Princeton Tigers football

Princeton Tigers football

Princeton Tigers Football
2014 Princeton Tigers football team
First season 1869
Athletic director Gary Walters
Head coach Bob Surace
Home stadium Princeton University Stadium
Stadium capacity 27,773
Stadium surface FieldTurf
Location Princeton, New Jersey
Conference Ivy League
All-time record 791–369–51 (.674)
Postseason bowl record 0–0 (–)
Claimed national titles 28
Conference titles 9
Heisman winners 1
Consensus All-Americans 93
Current uniform

Orange and Black

Fight song "Princeton Cannon Song"
Mascot Tiger
Marching band Princeton University Band
Rivals Yale Bulldogs
Harvard Crimson
Penn Quakers

The Princeton Tigers football program represents Princeton University college football at the NCAA Division I Football Championship Subdivision (formerly Division I-AA). Princeton’s football program -- along with the football program at nearby Rutgers University -- is the oldest in the world, these two schools having competed against each other in American football's first intercollegiate contest in 1869, and has a legacy that includes the most national championships of any college or university.


  • History 1
    • First football game 1.1
    • Early history 1.2
    • Formation of the Ivy League 1.3
    • NCAA Division I subdivision split 1.4
    • Recent history 1.5
  • Stadium and facilities 2
    • Palmer Stadium 2.1
    • Princeton University Stadium 2.2
    • Practice facilities 2.3
  • See also 3
  • References 4
  • External links 5


First football game

Students from The College of New Jersey (now Princeton University) traveled to New Brunswick, New Jersey on November 6, 1869 to play Rutgers College (now Rutgers University) in a new variant of rugby called football.[1] Rutgers won the inaugural game 6 runs to 4 runs. A week later, Rutgers students traveled to Princeton, New Jersey for a rematch, which Princeton won. Since the teams split the two games series, they were both retroactively awarded a share of the national championship for the 1869 season.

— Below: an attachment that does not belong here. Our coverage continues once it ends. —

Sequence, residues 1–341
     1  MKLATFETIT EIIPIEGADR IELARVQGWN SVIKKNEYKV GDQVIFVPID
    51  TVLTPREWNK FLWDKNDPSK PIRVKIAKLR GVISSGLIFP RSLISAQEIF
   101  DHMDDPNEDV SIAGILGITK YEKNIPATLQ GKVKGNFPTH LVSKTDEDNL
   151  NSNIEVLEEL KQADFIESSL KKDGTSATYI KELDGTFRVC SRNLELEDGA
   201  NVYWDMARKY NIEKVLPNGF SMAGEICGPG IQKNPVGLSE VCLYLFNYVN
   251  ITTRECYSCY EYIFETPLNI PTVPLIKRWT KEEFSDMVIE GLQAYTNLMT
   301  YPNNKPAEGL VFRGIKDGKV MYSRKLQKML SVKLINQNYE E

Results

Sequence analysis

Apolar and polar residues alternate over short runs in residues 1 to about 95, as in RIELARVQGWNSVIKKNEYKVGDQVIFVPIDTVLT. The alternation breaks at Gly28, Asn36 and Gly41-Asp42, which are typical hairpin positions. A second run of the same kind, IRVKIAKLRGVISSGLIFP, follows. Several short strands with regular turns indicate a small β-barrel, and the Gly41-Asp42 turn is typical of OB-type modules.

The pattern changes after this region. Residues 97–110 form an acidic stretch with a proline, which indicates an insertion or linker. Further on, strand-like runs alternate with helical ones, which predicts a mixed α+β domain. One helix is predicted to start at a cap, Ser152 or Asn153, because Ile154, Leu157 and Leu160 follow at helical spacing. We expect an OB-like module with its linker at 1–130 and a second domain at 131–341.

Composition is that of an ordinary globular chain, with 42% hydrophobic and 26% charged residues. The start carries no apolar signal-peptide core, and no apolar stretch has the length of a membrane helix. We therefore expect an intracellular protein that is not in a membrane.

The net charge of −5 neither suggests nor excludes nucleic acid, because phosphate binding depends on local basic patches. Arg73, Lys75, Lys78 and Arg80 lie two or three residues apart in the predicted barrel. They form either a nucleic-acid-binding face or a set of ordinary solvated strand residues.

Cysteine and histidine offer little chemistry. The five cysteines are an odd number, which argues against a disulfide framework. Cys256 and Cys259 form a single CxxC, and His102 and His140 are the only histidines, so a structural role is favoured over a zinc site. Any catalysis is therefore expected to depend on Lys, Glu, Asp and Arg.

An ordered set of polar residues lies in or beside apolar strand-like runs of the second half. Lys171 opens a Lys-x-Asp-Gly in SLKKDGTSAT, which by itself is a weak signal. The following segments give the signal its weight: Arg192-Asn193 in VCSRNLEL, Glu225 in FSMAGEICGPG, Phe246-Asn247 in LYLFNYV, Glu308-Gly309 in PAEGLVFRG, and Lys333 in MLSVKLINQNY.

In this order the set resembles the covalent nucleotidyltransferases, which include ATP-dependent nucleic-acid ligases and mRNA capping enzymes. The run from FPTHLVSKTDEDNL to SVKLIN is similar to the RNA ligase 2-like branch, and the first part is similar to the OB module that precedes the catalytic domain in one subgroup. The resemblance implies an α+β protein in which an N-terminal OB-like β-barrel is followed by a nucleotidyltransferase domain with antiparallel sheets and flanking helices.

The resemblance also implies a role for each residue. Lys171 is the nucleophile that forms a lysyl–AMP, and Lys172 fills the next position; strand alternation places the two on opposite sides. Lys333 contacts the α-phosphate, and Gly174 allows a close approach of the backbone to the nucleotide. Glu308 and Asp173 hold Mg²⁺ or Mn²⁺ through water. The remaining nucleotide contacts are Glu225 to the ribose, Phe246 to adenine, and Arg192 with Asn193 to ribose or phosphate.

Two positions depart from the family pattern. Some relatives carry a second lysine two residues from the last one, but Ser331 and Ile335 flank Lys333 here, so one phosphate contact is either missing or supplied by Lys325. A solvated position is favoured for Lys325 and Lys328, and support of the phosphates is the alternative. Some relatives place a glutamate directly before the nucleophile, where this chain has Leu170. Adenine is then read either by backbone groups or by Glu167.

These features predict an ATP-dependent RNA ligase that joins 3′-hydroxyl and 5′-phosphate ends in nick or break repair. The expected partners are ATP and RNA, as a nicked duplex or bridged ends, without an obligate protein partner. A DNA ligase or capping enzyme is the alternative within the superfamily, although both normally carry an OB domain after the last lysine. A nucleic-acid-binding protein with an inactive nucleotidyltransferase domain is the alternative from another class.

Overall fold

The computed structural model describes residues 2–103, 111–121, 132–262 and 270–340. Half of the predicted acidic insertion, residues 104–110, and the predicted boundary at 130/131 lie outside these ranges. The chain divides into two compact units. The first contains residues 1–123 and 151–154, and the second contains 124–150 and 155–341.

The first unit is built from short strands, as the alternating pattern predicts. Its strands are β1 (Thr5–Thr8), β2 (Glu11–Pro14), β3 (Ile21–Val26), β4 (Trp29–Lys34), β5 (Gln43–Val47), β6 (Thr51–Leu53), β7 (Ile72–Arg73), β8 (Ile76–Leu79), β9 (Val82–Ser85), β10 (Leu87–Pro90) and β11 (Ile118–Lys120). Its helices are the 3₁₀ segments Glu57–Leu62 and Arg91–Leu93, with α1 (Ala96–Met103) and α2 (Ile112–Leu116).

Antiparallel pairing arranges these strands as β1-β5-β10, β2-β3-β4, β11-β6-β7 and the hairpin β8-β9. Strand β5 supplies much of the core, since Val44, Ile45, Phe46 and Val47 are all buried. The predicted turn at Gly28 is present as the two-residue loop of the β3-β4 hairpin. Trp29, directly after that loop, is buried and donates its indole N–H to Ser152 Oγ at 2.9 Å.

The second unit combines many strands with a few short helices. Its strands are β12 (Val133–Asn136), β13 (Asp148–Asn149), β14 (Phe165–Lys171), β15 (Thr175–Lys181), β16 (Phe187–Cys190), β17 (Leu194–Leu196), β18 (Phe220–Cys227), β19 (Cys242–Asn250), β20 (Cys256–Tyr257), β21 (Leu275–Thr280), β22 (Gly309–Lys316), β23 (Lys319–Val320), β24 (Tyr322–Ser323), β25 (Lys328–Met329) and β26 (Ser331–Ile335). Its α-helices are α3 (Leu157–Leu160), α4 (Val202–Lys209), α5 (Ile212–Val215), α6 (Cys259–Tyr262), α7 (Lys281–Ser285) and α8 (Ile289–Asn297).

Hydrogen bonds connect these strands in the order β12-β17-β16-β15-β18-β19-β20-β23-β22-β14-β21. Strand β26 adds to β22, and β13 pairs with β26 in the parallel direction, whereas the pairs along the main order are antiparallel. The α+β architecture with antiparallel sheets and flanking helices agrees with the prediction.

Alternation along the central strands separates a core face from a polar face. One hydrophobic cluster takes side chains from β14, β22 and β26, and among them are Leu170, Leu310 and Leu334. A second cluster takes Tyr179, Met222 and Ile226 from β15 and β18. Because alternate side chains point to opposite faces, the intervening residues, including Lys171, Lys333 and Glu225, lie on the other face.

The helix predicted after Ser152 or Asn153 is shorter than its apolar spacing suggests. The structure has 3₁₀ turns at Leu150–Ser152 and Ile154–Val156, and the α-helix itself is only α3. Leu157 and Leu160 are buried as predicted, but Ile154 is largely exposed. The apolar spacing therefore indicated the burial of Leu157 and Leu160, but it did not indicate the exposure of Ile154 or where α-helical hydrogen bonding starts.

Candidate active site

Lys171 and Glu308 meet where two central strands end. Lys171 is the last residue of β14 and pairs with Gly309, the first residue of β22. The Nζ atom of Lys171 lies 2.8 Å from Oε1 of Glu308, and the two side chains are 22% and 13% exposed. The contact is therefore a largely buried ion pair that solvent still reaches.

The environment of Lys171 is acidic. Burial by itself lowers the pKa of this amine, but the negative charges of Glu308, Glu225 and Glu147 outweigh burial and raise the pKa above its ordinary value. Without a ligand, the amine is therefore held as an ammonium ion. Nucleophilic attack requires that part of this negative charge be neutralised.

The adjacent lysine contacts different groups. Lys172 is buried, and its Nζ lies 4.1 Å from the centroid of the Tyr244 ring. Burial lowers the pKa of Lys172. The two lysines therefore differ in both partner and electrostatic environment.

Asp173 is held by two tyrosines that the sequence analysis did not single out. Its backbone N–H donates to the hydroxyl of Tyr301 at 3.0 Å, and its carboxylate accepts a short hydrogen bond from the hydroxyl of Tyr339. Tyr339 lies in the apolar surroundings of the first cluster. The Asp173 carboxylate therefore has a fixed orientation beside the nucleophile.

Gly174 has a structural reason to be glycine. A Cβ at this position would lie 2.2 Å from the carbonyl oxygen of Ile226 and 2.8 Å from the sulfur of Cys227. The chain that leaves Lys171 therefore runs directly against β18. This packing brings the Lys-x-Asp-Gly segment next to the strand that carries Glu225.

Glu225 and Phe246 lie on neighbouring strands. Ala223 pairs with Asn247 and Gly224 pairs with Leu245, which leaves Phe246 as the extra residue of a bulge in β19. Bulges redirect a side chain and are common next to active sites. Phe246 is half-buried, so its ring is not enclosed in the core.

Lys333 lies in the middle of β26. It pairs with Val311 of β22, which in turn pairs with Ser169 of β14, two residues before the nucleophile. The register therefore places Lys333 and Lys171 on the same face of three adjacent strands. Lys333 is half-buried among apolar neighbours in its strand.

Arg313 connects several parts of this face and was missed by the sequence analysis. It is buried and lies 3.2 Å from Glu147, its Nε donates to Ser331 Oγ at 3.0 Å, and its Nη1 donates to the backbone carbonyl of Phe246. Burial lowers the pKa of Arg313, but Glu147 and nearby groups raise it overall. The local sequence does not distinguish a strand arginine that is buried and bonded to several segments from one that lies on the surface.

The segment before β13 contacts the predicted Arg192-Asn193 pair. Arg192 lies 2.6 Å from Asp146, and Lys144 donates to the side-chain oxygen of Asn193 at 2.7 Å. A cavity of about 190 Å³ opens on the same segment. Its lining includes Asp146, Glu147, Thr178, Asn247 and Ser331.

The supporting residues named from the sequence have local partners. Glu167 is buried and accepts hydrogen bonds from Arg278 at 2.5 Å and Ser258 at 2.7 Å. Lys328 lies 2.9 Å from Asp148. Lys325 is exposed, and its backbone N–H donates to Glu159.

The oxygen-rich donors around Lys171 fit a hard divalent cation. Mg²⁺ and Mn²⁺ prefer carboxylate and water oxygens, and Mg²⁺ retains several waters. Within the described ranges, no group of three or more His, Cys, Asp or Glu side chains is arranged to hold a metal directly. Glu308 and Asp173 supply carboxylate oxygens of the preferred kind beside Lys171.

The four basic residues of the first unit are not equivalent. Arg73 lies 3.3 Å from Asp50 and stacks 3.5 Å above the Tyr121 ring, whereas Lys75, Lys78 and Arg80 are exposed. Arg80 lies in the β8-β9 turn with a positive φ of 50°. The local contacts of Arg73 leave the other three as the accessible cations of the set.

Early history

Due in part to their invention of the sport, the Tigers were one of the dominant forces in the early days of intercollegiate football, winning 22 of the first 40 national titles (between 1869 and 1909). As the sport transformed at the hands of figures like John Heisman and Yale’s Walter Camp and more schools began competing, Princeton and the rest of the Ivy League slowly faded out of national championship contention. The Tigers won their last national championship in 1950 when Dick Kazmaier, the 1951 Heisman Trophy winner, was a junior.[2]

Formation of the Ivy League

When Brown, Columbia, Cornell, Harvard, Princeton, and Yale Universities, Dartmouth College, and the University of Pennsylvania formed the Ivy League athletic conference in 1955, conference rules prohibited post-season play in football. Princeton had always abstained from post-season play, but other future member schools had participated in bowls. The new policy further insulated Princeton and the Ivy League from the national spotlight. Despite an undefeated season in 1964, Princeton was not among the top 10 teams in the season-ending AP Poll.[3]